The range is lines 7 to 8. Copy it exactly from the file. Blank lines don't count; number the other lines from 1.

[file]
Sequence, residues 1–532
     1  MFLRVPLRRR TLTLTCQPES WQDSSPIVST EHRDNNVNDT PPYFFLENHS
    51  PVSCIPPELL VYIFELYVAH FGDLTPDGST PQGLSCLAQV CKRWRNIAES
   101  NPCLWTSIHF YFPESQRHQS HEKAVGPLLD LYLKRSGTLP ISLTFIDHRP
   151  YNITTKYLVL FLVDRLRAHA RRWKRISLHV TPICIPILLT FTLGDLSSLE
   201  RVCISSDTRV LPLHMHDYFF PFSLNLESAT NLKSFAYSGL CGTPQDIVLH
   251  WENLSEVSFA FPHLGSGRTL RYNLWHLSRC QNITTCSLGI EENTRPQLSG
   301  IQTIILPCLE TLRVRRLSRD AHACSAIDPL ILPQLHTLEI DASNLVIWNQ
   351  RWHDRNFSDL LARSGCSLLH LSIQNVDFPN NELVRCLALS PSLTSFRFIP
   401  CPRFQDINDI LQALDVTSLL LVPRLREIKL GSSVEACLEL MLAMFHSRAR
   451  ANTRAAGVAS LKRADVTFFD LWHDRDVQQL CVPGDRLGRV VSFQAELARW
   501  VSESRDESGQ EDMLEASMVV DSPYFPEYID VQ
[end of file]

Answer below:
   251  WENLSEVSFA FPHLGSGRTL RYNLWHLSRC QNITTCSLGI EENTRPQLSG
   301  IQTIILPCLE TLRVRRLSRD AHACSAIDPL ILPQLHTLEI DASNLVIWNQ